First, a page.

3. Use of Internet to promote your practice and collaborate
- Start a website for free (WordPress.com or Blogger.com). Start a Twitter account and professional Facebook page for your practice.
- Setup persistent searches for your name/practice on Google, Twitter, etc. and subscribe to RSS for automatic updates. You can address questions and concerns whenever they arise.
- Use Google Docs for research collaboration, creating diagrams for patient education, office calendar, and spreadsheets.
Risks of social media use by physicians
Physicians must maintain appropriate boundaries of the patient-physician relationship in accordance with professional ethical guidelines just as they would in any other context. When physicians see content posted by colleagues that appears unprofessional they have a responsibility to bring that content first to the attention of the individual, so that he or she can remove it and/or take other appropriate actions. If the behavior significantly violates professional norms and the individual does not take appropriate action to resolve the situation, the physician should report the matter to appropriate authorities (Source: AMA Policy: Professionalism in the Use of Social Media, 2011).
12-Word Social Media Policy by Mayo Clinic: "Don’t Lie, Don’t Pry, Don’t Cheat, Can’t Delete, Don’t Steal, Don’t Reveal" (http://goo.gl/1Jwdo).
Advice for Physician Who Use Social Media for Professional Purposes
- Write as if your boss and your patients are reading your blog every day
- Comply with HIPAA, e.g. never publish any identifiable information without patient permission
- Consider using your name and credentials on your blog and other social media accounts
- If your blog is work-related, it is better to let your employer know.
- Inquire if there are any employee social media guidelines. If there are, comply with them strictly.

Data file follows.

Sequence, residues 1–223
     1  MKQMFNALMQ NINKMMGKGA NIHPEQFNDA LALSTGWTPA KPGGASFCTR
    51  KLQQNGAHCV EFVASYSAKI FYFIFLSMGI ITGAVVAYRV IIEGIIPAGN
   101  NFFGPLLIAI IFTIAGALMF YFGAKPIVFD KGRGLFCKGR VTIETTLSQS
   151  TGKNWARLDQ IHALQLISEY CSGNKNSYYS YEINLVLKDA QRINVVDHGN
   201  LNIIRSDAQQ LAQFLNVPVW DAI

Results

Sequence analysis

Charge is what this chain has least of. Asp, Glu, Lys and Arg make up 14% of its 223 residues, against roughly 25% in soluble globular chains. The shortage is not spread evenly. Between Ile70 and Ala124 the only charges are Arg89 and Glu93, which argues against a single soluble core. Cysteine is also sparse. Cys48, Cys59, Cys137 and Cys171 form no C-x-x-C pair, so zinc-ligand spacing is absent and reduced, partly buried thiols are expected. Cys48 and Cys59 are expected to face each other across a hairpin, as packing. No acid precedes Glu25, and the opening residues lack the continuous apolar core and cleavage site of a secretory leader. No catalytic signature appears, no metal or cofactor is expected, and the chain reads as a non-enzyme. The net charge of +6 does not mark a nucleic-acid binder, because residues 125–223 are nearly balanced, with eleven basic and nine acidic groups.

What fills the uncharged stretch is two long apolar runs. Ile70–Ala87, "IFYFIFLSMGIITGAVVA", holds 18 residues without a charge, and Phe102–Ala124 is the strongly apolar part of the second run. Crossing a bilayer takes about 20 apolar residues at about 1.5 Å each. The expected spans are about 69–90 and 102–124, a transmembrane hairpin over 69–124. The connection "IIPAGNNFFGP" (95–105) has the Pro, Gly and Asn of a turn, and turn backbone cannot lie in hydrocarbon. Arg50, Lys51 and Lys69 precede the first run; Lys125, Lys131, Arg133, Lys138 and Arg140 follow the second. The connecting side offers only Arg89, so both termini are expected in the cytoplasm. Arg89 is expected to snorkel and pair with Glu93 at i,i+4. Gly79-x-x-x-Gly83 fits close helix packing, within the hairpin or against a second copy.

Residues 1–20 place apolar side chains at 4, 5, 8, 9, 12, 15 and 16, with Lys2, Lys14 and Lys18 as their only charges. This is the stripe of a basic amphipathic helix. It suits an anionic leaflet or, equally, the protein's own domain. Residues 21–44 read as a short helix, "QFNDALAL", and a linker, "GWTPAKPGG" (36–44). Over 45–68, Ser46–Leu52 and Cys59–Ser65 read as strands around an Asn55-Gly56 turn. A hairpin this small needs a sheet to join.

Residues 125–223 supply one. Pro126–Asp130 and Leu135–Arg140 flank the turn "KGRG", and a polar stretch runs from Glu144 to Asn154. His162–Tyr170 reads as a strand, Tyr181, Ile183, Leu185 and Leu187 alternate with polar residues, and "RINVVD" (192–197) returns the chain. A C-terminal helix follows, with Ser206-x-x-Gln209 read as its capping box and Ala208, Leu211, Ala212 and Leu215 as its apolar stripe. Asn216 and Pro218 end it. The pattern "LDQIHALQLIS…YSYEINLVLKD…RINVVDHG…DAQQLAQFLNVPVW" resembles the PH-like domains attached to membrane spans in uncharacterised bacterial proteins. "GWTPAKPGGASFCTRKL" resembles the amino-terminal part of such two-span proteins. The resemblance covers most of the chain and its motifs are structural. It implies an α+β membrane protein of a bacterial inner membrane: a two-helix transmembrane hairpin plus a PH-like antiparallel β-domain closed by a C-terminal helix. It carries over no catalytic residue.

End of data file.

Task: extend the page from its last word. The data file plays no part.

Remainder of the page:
- Use a disclaimer, e.g. "All opinions expressed here are those of their authors and not of their employer. Information provided here is for medical education only. It is not intended as and does not substitute for medical advice."
Social media is here to stay and is fast becoming the dominant way of information consumption and sharing for the general population and patients. Allergists have to be on social media to stay relevant and to provide meaningful service to patients.
The author can personally confirm the benefits of the approach outlined above. Dr. Dimov has used social media for professional purposes for more than 7 years while on staff at Cleveland Clinic and the University of Chicago. During that time his websites have had more than 8 million page views and attract daily 16,000 RSS subscribers, 9,000 Twitter followers and 2,600 visitors.
There are other physicians who are even more popular on social media and make the stats above look minuscule. You can be one of them. It benefits both your patients and your professional life.
RSS bundles of medical news
You can use the following RSS bundles to subscribe to medical news items. The bundles are exported from my personal Google Reader page. They update automatically several times per day. When in Google Reader, just select the ones that you find interesting and share them on Twitter. Feel free to add your own comments to some of the tweets.
Top Twitter Doctors
This is a list of the Top Twitter Doctors arranged by specialty in alphabetical order - feel free to add your own suggestions. The list is open to anybody to edit:
Should oncologists 'prescribe' accurate web sites in combination with chemotherapy? Ann Oncol. 2011 Nov 22.
How to Prepare For and Execute An Online Presence - by Howard Luks, MD http://goo.gl/zsg3m
What are the Downsides of Social Media for Doctors? Dr. Wes shares insights from 6 years of blogging
Patients directed to online tools don't necessarily use them: 25% checked website vs. 42% read same material on paper. Am Medical News, 2012.